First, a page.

Saturday, February 25, 2017

#406 Vic Power

Vic Power was born in Puerto Rico as Victor Felipe Pellot. He won seven Gold Gloves, had four AL All Star appearances and eventually sported one of the best baseball names ever. He came up with the Philadelphia A's in 1954 but he had begun his pro career with in Canada's Provincial League in 1949. He was scouted and signed by the Yankees who dealt him to the A's after a couple of strong seasons in their chain. The reason the Yanks got rid of Power isn't certain but his Wikipedia page states this:
[In 1953] Power led the league with a .349 batting average. However, despite his skills he was not invited to spring training in [1952 or 1953].The Yankees' owners at the time, Del Webb and Dan Topping, felt that Power's playing style and personality wasn't suited for the conservative style that they wanted a "black" player to represent as a member of the club. Power dated light-skinned women, leading George Weiss, the general manager of the Yankees, to say that Power was "not the Yankee type".
Take that for what it's worth. Elston Howard eventually broke the color barrier for the Yankees in 1955. This and much of Power's colorful career is discussed in detail on his SABR bio.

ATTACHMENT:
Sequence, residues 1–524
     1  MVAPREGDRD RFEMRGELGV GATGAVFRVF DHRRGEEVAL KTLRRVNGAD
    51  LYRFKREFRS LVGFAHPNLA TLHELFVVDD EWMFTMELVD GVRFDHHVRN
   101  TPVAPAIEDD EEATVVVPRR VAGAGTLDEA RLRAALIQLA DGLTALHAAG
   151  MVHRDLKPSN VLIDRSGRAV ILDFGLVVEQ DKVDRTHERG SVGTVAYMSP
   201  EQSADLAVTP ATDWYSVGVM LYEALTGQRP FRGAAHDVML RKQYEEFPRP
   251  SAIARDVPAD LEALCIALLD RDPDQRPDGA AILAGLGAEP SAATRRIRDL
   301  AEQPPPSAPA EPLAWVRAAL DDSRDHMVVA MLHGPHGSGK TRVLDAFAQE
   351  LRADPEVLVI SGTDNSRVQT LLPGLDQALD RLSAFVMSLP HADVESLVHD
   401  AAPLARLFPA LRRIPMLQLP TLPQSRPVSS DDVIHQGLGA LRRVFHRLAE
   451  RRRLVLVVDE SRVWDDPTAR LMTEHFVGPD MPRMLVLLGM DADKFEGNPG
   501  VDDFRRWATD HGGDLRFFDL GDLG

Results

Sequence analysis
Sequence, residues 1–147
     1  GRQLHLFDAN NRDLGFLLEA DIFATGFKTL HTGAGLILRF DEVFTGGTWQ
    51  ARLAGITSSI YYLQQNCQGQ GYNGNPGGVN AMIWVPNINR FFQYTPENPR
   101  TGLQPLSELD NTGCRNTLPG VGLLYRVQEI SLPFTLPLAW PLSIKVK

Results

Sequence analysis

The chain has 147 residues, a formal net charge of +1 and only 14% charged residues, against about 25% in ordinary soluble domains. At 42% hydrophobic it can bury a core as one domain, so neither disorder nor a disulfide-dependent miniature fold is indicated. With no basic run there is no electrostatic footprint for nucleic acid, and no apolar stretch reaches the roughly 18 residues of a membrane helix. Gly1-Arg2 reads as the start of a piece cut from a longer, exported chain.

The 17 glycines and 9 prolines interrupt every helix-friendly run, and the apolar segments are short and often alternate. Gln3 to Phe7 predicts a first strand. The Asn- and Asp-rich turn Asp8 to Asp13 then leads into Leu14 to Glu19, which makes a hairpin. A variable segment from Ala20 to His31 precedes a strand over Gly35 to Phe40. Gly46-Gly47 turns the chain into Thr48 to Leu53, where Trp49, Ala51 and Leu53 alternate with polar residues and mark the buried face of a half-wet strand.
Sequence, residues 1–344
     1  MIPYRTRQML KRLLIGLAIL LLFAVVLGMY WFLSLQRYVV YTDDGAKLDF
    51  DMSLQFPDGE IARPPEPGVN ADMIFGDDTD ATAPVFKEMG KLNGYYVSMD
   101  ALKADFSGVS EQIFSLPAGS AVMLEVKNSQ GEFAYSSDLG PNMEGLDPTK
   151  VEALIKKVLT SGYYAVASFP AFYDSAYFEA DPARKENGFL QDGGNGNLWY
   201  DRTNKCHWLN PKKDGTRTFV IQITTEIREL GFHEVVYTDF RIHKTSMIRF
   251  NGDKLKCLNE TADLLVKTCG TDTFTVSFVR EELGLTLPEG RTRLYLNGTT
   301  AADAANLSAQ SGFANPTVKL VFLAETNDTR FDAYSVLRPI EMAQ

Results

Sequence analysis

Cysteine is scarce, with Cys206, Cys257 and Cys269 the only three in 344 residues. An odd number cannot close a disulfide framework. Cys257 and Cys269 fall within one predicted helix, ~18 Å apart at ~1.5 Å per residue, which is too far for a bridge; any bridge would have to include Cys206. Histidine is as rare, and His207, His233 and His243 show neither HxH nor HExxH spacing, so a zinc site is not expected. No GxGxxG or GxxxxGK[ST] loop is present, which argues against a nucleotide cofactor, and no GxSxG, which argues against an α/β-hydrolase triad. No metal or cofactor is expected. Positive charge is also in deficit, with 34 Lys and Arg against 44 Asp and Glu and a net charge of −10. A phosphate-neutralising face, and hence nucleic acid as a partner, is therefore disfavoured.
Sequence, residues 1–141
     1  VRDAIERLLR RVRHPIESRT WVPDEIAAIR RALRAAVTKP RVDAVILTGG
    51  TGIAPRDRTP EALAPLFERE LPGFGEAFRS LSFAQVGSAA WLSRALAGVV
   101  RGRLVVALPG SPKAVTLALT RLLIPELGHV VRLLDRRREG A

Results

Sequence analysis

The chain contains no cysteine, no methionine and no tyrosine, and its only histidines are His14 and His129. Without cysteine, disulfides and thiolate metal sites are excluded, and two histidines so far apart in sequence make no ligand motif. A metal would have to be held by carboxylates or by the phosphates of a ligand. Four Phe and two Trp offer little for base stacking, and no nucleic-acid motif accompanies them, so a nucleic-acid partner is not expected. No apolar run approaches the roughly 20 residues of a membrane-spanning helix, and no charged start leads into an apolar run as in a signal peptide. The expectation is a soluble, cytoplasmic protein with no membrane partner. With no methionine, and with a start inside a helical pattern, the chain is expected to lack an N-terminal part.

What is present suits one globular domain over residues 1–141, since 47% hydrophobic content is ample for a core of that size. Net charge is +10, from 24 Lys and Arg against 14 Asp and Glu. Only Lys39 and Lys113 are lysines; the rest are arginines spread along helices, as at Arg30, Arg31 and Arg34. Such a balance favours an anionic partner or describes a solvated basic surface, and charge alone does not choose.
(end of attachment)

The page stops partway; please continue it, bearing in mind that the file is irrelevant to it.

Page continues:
Power played 12 years in the majors, nearly all of that time was in the American League with the Indians, Twins and Angels following his time with the A's. He played very briefly back in Philadelphia in 1964 but that was with the Phils. He retired with a .284 average to go along with 126 homers.

He began the 1958 season with the A's but in mid-June was traded along with Woodie Held to the Indians for Roger Maris, Dick Tomanek and Preston Ward. Hitting .302 and riding a 22 game hitting streak at the time of the trade Power raised his average to .312 by season's end. In checking his game logs on Baseball Reference I noticed that Power and the A's played six doubleheaders in just the first half of June that season. They played on on May 30th as well. That's seven 'twin bills' in a little over two weeks. Power played every inning of all of them. He led the league with 10 triples that season as well.

My lasting memory of Vic Power comes from the early 60s. He was playing first base for the Twins or Angels and the Yankees were hitting in the bottom of the ninth. Mickey Mantle grounded out to end the game but as you watched the screen you expected to see Mantle crossing 1st base. But all you saw was Power making the put out and then looking toward home plate. The Mick had pulled a hamstring or a calf muscle and was in a heap halfway to first. Weird the things you recall from your youth. I have no idea why I know it was Vic Power at first after all these years but I'm dead sure of it.

I really like this card, partially for the all-too-rare light blue color but also because Power was such a fun player to watch in my early years as a fan. It's a bit the worse for wear but not so bad that I feel the need to upgrade it.

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